Thursday, April 14, 2011

Blues at the Library with Kenney Mitchell

Like many before him, singer-guitarist Kenney Mitchell took a roundabout path to finding the blues.
“I listened to Jimi Hendrix, mainly, that was my first influence, and The Beatles,” said Mitchell, 52, a Detroit native who will perform live with his band Third Stone From The Sun on Wednesday at the Southfield Public Library. “Jimi led me to Van Halen, Frank Marino (of Mahogany Rush), Robin Trower, and Ernie Isley, people like that. I also liked Wendy O. Williams of the Plasmatics. I listened to a little bit of everybody.”
Mitchell was exposed to blues, R&B and soul through listening to his parents’ music at home as a kid, but really became interested in the blues after venturing down to John’s Carpet House outdoor jam at St. Aubin and Frederick in Detroit.
“The first time I went there it was Van Halen and Jimi meets the blues,” Mitchell chuckled. “They were impressed for about five minutes.
“I just got into it. My dad always listened to it. I started studying Jimi’s licks and that took me to Otis Rush and Albert King. I said to myself, ‘Dang, that where he got that.’ ”
It was at one of the John’s Carpet House jams that Mitchell’s talent was exposed to Don McGhee, noted blues photographer and producer of the Jazz & Blues at the Library monthly series that is sponsored by the Friends of the Southfield Public Library and the Detroit Blues Society.
“One of the things I like is his passion for the music,” McGhee said. “I did a photo piece for the Detroit Blues Society’s Blues Notes newsletter featuring Kenney, (singer-songwriter and guitarist) Mo Motyka and (guitarist) Carlton Washington. There’s something about their approach to blues music and that they are making a serious attempt to learn and play it.”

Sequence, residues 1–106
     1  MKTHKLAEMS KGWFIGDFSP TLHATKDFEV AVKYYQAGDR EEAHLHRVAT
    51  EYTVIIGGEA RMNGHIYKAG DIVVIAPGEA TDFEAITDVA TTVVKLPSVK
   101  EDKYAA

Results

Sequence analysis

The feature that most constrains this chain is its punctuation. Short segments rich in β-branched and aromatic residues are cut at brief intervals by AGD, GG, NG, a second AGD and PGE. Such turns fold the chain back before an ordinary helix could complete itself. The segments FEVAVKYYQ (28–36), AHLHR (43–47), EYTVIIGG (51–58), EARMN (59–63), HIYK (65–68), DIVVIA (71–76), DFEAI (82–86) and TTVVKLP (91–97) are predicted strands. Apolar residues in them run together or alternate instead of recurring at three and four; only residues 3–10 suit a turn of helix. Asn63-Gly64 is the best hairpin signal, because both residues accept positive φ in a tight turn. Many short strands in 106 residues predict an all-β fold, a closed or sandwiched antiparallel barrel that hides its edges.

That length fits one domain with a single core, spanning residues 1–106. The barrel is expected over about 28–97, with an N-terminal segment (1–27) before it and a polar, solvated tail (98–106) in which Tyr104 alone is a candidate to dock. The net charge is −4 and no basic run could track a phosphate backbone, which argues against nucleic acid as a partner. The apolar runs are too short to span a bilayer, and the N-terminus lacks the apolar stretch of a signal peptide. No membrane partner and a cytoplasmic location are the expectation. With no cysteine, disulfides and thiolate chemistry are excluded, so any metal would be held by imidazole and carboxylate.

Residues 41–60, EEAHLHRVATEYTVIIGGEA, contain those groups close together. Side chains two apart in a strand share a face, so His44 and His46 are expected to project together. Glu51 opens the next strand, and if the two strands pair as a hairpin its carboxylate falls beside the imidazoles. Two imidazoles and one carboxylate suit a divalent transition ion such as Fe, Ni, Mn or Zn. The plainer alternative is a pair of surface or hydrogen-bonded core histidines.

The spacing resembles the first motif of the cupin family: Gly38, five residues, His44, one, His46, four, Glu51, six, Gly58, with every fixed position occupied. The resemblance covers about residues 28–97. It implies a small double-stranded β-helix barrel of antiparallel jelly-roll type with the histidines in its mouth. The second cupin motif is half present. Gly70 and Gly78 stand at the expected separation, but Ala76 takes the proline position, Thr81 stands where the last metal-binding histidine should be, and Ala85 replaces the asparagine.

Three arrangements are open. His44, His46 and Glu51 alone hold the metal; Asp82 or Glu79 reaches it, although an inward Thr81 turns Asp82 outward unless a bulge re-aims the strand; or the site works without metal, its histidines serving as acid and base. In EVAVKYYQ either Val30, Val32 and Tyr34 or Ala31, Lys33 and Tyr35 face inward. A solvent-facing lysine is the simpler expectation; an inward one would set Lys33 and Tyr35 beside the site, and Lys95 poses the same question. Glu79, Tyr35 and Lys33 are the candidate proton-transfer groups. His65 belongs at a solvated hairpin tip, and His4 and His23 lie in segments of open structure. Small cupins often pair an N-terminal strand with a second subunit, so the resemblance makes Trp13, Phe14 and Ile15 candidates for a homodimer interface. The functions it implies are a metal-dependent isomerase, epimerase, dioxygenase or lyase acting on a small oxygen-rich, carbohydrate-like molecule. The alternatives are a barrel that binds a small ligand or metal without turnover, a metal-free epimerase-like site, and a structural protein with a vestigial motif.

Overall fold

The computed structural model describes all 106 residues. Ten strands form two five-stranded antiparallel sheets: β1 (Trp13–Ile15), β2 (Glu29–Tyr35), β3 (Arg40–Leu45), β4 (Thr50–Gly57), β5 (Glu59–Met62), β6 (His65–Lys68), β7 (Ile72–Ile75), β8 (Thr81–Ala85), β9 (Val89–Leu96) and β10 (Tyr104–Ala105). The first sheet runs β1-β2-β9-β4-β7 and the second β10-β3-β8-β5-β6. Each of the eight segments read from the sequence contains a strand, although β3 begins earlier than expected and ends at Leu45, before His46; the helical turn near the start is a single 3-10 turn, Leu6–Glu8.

McGhee digs the passion Mitchell has for the music.
“I love that style, it’s very moving. Kenney has moved more and more to the blues now and he’s paying attention to the blues masters. He has intensity and a passion for the music. I enjoy the rock licks he brings to it as well.”
Over the years, Mitchell has played with bands in a variety of styles, ranging from R&B to rock and even punk rock. But, now he’s been bitten by the blues bug.
“I love its simplicity, yet its complexity,” said Mitchell, who listens to older blues artists such as John Lee Hooker as well as newer artists like Kenny Wayne Shepherd, Eric Gale, and Indiginous. “A lot of people can’t play it and I’m still trying to learn it. I like the emotions that it can convey.
“Put it this way: You can have two guitar players side-by-side, Yngwie Malmsteen and Buddy Guy, or B.B. King. Yngwie can play a thousand notes in one second. B.B. or Buddy will hit one note and you know exactly what they’re talking about. You can feel it. It will hit you. I like music you can feel and that will actually take you somewhere. That’s one of the reasons I like Jimi so much.”
Mitchell will be joined by keyboardist Rico, bassist Mo Hollis and drummer Perez at the library. They’ll perform mostly cover tunes, with selections from The Meters, Freddie King, Albert King, Stevie Ray Vaughan, and, of course, Hendrix.
“I’ve got to include some Jimi,” Mitchell said. “It’s funny, when I first started playing guitar, folks would accuse me of being a Hendrix clone and I tried to get away from it. Now, they say, ‘You’ve gotta play this (Hendrix tune), or you’ve got to play that.’ People love Hendrix, especially if it’s done right.”

Kenney Mitchell and Third Stone From the Sun will perform from 6:30 to 8:30 p.m. Wednesday, April 20, at the Southfield Public Library, in the Southfield Municipal Complex, 26300 Evergreen Road. Admission is $3, with children under age 12 admitted free. For more information, call (248) 796-4224 or click

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